Wednesday, December 2, 2015

Do You Blog with Your Students?

As a teacher, I'm a lifelong learner. So this summer, I attended an ASCD conference to improve my knowledge of using technology effectively with my students.

Communicating in the digital age is something new to me, but it's the world our children live in today.  My primary school students don't know a world without the internet or the iPad. It was time for this old dog to learn some new tricks. 

One session focused on blogging with students.  It was presented by Sylvia Duckworth. During this session, I had an epiphany.  Blogging is writing for a REAL audience and for a REAL purpose.  

When blogging, students use critical thinking, problem solving, creativity, and personal expression.  Students improve their written communication skills and also have opportunities for collaboration and cooperation, as well as, practice to develop their communication technology literacy skills. All of these are 21st Century Skills and vital to our students' future success.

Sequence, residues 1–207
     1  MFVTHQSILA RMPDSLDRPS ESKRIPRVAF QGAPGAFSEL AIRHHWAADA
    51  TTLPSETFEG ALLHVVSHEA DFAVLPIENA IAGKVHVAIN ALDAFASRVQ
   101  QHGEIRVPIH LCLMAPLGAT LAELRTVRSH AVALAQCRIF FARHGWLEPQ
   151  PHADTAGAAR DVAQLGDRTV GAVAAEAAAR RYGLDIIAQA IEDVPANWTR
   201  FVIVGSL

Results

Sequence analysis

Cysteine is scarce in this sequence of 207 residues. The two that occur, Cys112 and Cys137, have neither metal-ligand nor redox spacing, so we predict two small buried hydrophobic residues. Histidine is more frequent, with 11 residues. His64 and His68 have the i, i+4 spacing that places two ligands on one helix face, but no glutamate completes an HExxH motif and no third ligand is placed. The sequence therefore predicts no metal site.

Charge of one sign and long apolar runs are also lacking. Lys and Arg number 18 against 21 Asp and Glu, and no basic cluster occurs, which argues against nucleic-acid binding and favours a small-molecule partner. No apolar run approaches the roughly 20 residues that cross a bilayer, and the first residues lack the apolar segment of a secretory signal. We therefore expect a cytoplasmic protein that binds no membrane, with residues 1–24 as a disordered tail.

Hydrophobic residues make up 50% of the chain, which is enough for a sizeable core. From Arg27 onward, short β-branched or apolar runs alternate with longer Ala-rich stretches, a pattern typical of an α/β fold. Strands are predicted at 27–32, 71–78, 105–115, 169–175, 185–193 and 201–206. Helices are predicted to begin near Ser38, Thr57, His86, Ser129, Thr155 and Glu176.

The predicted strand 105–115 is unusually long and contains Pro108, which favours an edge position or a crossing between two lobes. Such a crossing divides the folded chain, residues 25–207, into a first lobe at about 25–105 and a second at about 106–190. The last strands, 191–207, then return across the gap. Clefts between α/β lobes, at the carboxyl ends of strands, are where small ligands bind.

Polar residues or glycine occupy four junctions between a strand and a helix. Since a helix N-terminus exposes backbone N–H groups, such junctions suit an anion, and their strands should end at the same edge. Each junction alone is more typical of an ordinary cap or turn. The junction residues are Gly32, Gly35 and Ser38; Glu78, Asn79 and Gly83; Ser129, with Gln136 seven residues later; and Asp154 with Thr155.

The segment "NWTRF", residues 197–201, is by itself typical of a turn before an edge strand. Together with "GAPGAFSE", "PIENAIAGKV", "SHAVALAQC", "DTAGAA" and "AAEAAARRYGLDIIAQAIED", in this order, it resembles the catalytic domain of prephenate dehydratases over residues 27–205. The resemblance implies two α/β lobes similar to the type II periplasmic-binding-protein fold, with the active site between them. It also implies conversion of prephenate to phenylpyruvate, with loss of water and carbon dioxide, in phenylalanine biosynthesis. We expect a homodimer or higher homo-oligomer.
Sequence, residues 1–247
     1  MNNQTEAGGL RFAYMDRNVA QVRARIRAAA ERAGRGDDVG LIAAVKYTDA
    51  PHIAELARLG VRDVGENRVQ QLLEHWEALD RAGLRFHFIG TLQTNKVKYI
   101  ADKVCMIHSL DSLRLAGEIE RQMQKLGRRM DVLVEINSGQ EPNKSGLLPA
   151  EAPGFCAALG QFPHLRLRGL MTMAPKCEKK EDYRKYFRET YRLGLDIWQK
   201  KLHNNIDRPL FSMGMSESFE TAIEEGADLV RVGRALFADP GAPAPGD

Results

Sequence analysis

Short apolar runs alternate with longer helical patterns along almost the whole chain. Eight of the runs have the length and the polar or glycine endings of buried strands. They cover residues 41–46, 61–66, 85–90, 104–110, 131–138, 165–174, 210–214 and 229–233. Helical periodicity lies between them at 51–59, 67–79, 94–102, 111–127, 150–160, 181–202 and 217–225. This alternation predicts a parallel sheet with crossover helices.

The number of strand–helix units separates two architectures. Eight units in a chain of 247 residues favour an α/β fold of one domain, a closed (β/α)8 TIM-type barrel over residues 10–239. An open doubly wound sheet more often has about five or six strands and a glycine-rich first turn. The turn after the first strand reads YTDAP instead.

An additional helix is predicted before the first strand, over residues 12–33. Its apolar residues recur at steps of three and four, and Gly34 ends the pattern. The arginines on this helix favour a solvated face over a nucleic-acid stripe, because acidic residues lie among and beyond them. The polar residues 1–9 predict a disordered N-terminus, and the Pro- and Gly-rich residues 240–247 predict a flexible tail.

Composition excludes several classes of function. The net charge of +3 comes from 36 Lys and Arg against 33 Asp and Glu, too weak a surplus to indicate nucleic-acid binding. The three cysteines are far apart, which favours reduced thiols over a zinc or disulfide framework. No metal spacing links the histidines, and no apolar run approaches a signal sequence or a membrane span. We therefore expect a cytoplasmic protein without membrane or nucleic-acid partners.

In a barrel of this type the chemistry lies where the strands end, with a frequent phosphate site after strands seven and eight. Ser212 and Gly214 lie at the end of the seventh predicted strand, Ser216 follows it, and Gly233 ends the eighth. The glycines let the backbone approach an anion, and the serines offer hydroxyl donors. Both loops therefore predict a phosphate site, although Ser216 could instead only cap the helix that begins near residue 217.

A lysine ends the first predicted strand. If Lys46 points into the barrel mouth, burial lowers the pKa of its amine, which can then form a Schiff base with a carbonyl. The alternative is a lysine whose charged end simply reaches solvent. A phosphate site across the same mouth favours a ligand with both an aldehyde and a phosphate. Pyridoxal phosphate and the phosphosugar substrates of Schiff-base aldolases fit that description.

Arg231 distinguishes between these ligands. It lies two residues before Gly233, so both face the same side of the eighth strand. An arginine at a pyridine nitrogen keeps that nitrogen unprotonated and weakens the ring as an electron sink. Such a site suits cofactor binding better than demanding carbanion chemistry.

Sylvia Duckworth

I began researching and reading lots of information/blogs on the internet and found some very helpful information. Blogging can be used in so many ways to teach writing skills to children. There are some free sites and lessons available from NCTE to help you start.

One idea I found was to create a Class Blog for primary/elementary school children where the teacher and children write the blog together, similar to the interactive writing approach.
For students in grades 6-12, has lesson plans and tips on how to manage student blogs, Teaching with Blogs .  

Blogging isn't just writing about something, it's a conversation between you and the world. Teaching children how to post a response to a blog is just as important as creating a blog post.  The posts to a blog should be thoughtful and engage the author and other readers.

Do you blog with your students? If so, please post tips and helpful hints. This is something I want to start at my school and we would really appreciate ideas to help us get started.

Thanks for reading!


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